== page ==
The Wounded Knee Massacre, also known as the Battle of Wounded Knee, was a massacre of nearly three hundred Lakota people by soldiers of the United States Army. It occurred on December 29, 1890, near Wounded Knee Creek (Lakota: Čhaŋkpé Ópi Wakpála) on the Lakota Pine Ridge Indian Reservation in the U.S. state of South Dakota, following a botched attempt to disarm the Lakota camp. The previous day, a detachment of the U.S. 7th Cavalry Regiment commanded by Major Samuel M. Whitside approached Spotted Elk's band of Miniconjou Lakota and 38 Hunkpapa Lakota near Porcupine Butte and escorted them 5 miles (8.0 km) westward to Wounded Knee Creek, where they made camp. The remainder of the 7th Cavalry Regiment, led by Colonel James W. Forsyth, arrived and surrounded the encampment. The regiment was supported by a battery of four Hotchkiss mountain guns.
On the morning of December 29, the U.S. Cavalry troops went into the camp to disarm the Lakota. One version of events claims that during the process of disarming the Lakota, a deaf tribesman named Black Coyote was reluctant to give up his rifle, claiming he had paid a lot for it. Simultaneously, an old man was performing a ritual called the Ghost Dance. Black Coyote's rifle went off at that point; the U.S. Army began shooting at the Indians. The Lakota warriors fought back, but many had already been stripped of their guns and disarmed.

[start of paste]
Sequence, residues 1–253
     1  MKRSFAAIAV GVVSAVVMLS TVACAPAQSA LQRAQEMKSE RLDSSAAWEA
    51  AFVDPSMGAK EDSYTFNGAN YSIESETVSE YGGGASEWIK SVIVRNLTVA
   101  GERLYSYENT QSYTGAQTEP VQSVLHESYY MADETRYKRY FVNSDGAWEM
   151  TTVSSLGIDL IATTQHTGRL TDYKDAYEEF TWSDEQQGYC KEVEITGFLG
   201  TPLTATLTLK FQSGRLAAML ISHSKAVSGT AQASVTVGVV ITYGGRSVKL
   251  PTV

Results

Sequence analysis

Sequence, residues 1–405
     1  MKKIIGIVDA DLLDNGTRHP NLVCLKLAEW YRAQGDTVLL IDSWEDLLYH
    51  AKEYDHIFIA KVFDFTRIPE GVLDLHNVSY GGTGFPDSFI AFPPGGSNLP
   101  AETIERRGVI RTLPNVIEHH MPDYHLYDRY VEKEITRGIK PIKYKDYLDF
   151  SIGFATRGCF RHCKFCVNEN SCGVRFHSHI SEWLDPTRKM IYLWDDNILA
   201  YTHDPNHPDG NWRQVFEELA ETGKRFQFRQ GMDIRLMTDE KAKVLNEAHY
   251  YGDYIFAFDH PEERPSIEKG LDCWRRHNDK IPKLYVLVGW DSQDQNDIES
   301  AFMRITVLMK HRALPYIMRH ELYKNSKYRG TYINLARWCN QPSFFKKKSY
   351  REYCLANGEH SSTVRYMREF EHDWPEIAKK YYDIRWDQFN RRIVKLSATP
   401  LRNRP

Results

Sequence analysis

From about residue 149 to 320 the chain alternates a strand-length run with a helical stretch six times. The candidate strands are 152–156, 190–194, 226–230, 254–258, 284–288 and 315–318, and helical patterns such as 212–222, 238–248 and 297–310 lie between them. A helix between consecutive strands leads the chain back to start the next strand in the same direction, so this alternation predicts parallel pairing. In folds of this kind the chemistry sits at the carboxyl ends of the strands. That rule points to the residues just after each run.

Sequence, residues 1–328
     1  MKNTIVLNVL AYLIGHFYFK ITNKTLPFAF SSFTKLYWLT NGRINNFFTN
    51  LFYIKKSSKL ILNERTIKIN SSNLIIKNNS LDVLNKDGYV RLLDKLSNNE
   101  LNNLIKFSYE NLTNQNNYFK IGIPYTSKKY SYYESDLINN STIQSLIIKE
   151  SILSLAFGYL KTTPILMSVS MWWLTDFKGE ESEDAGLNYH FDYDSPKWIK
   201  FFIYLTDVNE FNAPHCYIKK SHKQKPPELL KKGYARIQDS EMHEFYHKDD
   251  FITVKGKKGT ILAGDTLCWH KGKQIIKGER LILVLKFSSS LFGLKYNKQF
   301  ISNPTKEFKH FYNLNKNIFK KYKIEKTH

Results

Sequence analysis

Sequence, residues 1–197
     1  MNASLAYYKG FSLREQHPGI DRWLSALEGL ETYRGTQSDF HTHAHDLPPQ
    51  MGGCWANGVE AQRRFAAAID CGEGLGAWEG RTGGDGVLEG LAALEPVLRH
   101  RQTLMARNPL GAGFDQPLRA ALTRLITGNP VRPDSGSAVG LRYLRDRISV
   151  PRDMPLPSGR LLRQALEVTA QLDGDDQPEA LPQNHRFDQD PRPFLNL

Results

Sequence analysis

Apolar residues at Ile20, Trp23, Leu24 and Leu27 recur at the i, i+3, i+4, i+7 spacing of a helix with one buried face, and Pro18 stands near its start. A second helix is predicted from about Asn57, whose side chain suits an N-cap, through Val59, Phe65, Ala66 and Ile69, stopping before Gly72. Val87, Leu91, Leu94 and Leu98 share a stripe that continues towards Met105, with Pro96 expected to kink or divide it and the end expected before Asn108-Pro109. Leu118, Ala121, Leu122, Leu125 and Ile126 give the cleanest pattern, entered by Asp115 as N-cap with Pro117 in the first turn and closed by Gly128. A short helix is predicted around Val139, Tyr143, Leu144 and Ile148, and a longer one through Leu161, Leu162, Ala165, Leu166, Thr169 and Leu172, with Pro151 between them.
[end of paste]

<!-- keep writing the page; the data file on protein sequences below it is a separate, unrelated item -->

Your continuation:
By the time the massacre was over, more than 250 men, women and children of the Lakota had been killed and 51 were wounded (4 men and 47 women and children, some of whom died later); some estimates placed the number of dead as high as 300. Twenty-five soldiers also died and thirty-nine were wounded (six of the wounded later died). Twenty soldiers were awarded the Medal of Honor. In 2001, the National Congress of American Indians passed two resolutions condemning the military awards and called on the federal government to rescind them. The Wounded Knee Battlefield, site of the massacre, has been designated a National Historic Landmark by the U.S. Department of the Interior. In 1990, both houses of the U.S. Congress passed a resolution on the historical centennial formally expressing "deep regret" for the massacre.